This video of the first minutes of the performance will give you an idea of the sounds produced by this instrument.

The setup

The following items are necessary for the construction of the Bubble Organ:

  • 5x Erlenmeyer flasks (1x 10L, 1x 4L, 1x 3L, 1x 2L, 1x 1L, 1x 0.5L)
  • 5x S-shaped "Double Bubble" airlocks for beer and wine fermentation
  • 5x 1500mm plastic tubing (6x1.5mm)
  • 10x LED
  • 1x Arduino MEGA equipped with a USB host shield.
  • 1x 12V power supply
  • 1x USB cable 2m (Arduino to computer)
  • 1x ION Discover keyboard USB
  • 1x USB cable 1m (keyboard to Arduino)

The circuit

The controller for this instrument was based on a Arduino Mega equipped with an Arduino USB host shield.

The complete code can be found here.

The software

Tube Log

Moss Carpet

The concept

The moss carpet was designed and realised by Vanesa Lorenzo.

A moss - human interface conceived back in 2013, developed further as an interdisciplinary research about natural bioreporters research project on indicator species, such as moss and lichens, through which we can sense the environment and the climate changes. Mosses are tiny organisms, the first plants emerged from the ocean to conquer the land; unique and delicate native species with slow temporalities of growth which can decipher the secrets of life on Earth. They are pioneer species that can live in very harsh conditions, which can also provide important microhabitats for an extraordinary variety of organisms and plants. The interaction with mossphone has a ludic sound feedback that changes depending on the human that is in contact. When is touched, the human becomes, in a way, part of the same element changing its resistance (capacitive sensor) and this changes are data that is captured to be converted into sound. The result is the illusion that the moss is alive and reacts to our way of touching it, like if it were singing, snarling, murmuring or growling.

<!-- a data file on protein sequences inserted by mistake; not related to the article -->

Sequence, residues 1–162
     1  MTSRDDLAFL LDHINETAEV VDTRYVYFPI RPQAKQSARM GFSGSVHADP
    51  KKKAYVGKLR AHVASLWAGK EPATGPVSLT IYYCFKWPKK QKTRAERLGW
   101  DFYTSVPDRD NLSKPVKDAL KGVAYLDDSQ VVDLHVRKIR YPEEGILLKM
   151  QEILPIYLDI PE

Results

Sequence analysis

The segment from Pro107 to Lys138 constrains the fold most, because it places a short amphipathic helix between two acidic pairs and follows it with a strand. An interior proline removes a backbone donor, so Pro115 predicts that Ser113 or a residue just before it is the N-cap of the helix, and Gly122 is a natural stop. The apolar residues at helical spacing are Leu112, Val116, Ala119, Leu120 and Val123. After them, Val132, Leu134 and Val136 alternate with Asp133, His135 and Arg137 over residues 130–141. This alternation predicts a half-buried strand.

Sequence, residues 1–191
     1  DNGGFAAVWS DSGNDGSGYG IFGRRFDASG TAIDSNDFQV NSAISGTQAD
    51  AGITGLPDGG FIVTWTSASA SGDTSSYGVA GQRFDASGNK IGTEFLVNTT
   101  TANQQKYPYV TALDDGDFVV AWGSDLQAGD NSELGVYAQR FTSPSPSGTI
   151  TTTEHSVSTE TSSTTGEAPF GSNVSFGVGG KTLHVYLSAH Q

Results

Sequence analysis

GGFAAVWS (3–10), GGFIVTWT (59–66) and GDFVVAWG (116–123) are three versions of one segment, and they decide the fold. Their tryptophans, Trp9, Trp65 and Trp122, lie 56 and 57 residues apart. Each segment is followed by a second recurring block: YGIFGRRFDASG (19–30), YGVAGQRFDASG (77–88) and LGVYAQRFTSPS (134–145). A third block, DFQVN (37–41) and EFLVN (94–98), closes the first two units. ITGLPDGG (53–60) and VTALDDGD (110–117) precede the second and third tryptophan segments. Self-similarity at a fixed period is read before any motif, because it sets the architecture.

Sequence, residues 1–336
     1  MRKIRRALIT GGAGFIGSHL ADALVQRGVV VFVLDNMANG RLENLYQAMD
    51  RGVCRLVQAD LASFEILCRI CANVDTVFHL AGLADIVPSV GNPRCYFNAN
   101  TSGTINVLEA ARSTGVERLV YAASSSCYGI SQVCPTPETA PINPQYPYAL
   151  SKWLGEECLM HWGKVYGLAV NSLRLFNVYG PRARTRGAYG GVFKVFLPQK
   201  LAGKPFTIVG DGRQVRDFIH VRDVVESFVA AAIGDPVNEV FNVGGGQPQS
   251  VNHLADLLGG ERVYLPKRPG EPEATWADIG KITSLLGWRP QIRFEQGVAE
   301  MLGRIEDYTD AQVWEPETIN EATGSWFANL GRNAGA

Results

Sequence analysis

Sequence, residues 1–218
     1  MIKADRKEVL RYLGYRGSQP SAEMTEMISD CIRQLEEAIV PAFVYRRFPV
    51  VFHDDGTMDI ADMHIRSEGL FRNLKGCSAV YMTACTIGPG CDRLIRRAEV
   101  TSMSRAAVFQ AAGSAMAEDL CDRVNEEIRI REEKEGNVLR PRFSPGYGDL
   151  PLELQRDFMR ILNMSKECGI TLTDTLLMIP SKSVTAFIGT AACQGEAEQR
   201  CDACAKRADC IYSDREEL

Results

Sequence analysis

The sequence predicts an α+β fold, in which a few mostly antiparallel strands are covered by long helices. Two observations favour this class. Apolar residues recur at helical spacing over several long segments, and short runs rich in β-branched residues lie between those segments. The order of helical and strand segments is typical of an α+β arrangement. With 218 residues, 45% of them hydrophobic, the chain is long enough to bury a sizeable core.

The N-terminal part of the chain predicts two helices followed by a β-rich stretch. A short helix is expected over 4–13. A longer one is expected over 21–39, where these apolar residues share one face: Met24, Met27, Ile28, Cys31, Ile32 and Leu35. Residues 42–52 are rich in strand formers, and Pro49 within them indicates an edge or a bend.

This video will give you an idea of the sounds produced by this instrument.

Electronic circuit with an active capacitive sensor or anthena: the organic interactive object invites to be touched and reacts to the arousal of physical contact emiting real-time sinuosoidal sound feedback through a serial communication with Pure Data or MaxMsp.

First prototype First Iteration, magic moss.

[1] Moss growing old, but wise with other living intruments.

Vanessa moss 1.png

The setup

Moss 1 receive anthena: Conductive thread or metal wires and 2,2 Mega Ohm resistance (x 2)

The circuit

The controller for this instrument was based on a Arduino Uno. Full instructions here

The software

This software uses 

/*

  • CapSense Library
  • Paul Badger 2008
  • IMI version for 12 sensors and send to Max/MSP (use regexp to decode)
  • /

full software here

Virtual Soprano

It detects your face expression and turns it into vocal sounds, like a virtual soprano. All documents here File:Example.jpg

Paramecia Controller

Paramecia Bolero

Log

The details of the preparation are recorded live here

A budget and shopping list for this project will be shared later on.

Final days 01-08.02.2016

When?

Every day 1st-8th February 10am - 8pm (or midnight.. depending on the day)

Who was there?

What?

Paramecia controller